November 2021: Whack-A-Mole campaigning
As StopWatch hold back the tide of stop and search legislation in one area, the government looks to expand it in another
As we approach the end of the year, we bring you glad tidings slightly ahead of schedule: we won a concession from the government without having to go to court! Home secretary Priti Patel rowed back on a decision to ‘ditch safeguards designed to limit discrimination in police use of stop and search powers’, thanks to our legal challenge made in partnership with Liberty (read on for more info).
However, the government is pushing to expand stop and search powers elsewhere, this time for protesters in the Police, Crime, Sentencing and Courts Bill. November has very much been a microcosm of the Whack-A-Mole campaigning mode we find ourselves in under this government, but unexpected victories prove that fighting injustice is worth every effort.
Topics in this newsletter include:
Home Office forced to climbdown on relaxation of section 60 restrictions announced in July, thanks to court challenge from StopWatch and Liberty
New annual stop and search figures reveal burden on young people, while racial disparity persists
Brum PCC says stop and search ‘not good enough’, vowed to improve find and arrest rates
Please enjoy our roundup of stories below.
A victory, of sorts
This month, StopWatch joined forces with Liberty to launch a legal challenge to home secretary Priti Patel’s announcement to abolish all restrictions on police forces’ use of section 60 in July.
But, before we even began to raise funds for the impending court case, the Home Office decided to row back on the decision.
Nadine White @Nadine_WritesExclusive: Home Office sued over racially disproportionate, new stop and search rules. @libertyhq @StopWatchUK https://t.co/M9ft0rfxsA
This means that the safeguards over police use of the power have reverted to the pre-July position of being suspended rather than permanently removed.
Patel admitted to us in a letter that the equality impact assessment which informed the decision was inadequate, and that the matter would be reconsidered before any further decision is made over the future of the safeguards.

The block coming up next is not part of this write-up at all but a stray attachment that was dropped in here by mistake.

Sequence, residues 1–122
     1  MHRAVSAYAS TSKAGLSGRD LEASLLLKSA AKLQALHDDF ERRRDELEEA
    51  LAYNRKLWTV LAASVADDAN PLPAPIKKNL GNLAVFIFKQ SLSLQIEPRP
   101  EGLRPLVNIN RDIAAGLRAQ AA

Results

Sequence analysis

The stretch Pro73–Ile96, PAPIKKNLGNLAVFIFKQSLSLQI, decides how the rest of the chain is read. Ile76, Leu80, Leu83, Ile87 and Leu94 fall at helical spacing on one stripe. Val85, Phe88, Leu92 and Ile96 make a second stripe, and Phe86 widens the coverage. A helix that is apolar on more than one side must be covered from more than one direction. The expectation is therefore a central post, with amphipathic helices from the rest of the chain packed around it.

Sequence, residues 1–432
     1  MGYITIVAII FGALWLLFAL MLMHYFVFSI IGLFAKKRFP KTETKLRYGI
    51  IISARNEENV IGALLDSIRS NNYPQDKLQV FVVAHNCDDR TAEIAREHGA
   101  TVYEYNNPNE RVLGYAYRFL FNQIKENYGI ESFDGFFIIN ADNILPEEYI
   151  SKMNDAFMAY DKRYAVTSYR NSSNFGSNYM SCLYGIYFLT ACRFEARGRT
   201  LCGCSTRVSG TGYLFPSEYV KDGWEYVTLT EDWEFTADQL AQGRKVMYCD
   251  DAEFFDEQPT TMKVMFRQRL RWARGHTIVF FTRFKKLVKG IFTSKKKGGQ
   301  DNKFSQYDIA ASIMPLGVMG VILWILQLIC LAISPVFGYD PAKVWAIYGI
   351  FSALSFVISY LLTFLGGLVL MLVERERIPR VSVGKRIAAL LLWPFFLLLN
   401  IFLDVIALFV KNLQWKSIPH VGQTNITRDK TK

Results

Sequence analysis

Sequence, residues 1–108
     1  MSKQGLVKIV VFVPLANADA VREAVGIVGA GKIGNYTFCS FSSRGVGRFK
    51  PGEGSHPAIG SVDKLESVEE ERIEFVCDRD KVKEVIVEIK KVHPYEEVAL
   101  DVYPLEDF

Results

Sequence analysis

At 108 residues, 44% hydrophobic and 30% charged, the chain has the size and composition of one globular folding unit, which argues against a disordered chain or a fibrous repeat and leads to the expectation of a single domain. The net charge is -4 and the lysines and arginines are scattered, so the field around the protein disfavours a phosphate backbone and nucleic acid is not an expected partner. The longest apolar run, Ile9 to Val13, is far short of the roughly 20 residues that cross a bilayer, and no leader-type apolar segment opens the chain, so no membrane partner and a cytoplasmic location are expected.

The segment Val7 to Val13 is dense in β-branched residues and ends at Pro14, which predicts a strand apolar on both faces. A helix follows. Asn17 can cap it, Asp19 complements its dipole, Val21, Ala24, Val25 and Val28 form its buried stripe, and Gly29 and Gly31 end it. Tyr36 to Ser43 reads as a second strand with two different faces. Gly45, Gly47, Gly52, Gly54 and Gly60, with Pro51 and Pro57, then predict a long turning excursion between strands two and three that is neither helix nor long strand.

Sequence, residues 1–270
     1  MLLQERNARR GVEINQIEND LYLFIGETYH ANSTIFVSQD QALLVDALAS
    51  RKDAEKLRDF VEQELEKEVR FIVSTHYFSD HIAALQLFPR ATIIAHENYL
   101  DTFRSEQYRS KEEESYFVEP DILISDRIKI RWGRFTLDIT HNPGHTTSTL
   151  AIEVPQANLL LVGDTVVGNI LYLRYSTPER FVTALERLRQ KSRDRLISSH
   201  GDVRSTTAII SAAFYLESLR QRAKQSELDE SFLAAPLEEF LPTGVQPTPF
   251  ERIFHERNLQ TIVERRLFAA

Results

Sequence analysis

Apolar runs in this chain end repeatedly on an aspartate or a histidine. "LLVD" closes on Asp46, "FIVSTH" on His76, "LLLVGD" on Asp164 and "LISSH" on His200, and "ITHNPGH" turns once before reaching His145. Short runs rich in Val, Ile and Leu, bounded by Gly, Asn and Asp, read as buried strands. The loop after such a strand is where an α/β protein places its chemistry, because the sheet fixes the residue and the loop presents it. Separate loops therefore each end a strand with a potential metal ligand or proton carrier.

This is all good news, of course, but we are wary of treating the climbdown as an out-and-out victory: this government is still committed in several ways to helping the police avoid scrutiny over the effectiveness of their actions whilst increasing their stop and search powers.
For instance, the government continues to insist that stop and search works, in stark contrast to the Home Office’s own statistics (also released this month) and to the police and crime commissioner of the third biggest force in England and Wales (West Midlands police) who believes that the current find rates are ‘not good enough’ (Birmingham Mail, 02 Nov).
Furthermore, 4 months on from the July announcement, we still await the appearance of any results from the pilot that expanded the use of the power in the first place, other than the admission that it ‘gave police officers greater confidence to make use of the power’.
Worse still, in the parallel universe that is the Police, Crime, Sentencing and Courts Bill, the government has seen fit to slip in a whole new raft of police powers and orders to criminalise those who might happen to cause serious disruption (The Independent, 25 Nov), including the power to stop and search anyone at a protest ‘without suspicion’ and confiscate items in their possession if it is ‘reasonably believed’ that they may ‘lock on’ or obstruct major transport works.
We’ve warned that the new proposals manifest this government’s unhealthy obsession with stop and search and a disregard for protest as an ancient British civil liberty. One blogpost suggests that for all the connotations with section 60 of the Criminal Justice and Public Order Act 1994, these proposals may be closer to section 44/47 terrorism legislation in spirit.
They are also so widely drawn that we cannot help but fear that they will be used disproportionately on ethnic minorities from marginalised communities.
Ultimately, the government’s actions betray a pattern of behaviour that increasingly displays a contempt for checks and balances on police power. Communities have a right to expect better from their police force and the government has a duty to meet their expectations of safety and transparency in dispensing justice. The least we could do is take them to court. And if needs must, we will again.
Stop and search, a young person’s burden
New annual stop and search figures released by the Home Office show that police forces in England and Wales carried out more than 700,000 searches (under section 1 of the Police and Criminal Evidence Act 1984 and section 60 of the Criminal Justice and Public Order Act 1994) in England and Wales in the year to 31 March 2021, an increase of 22%.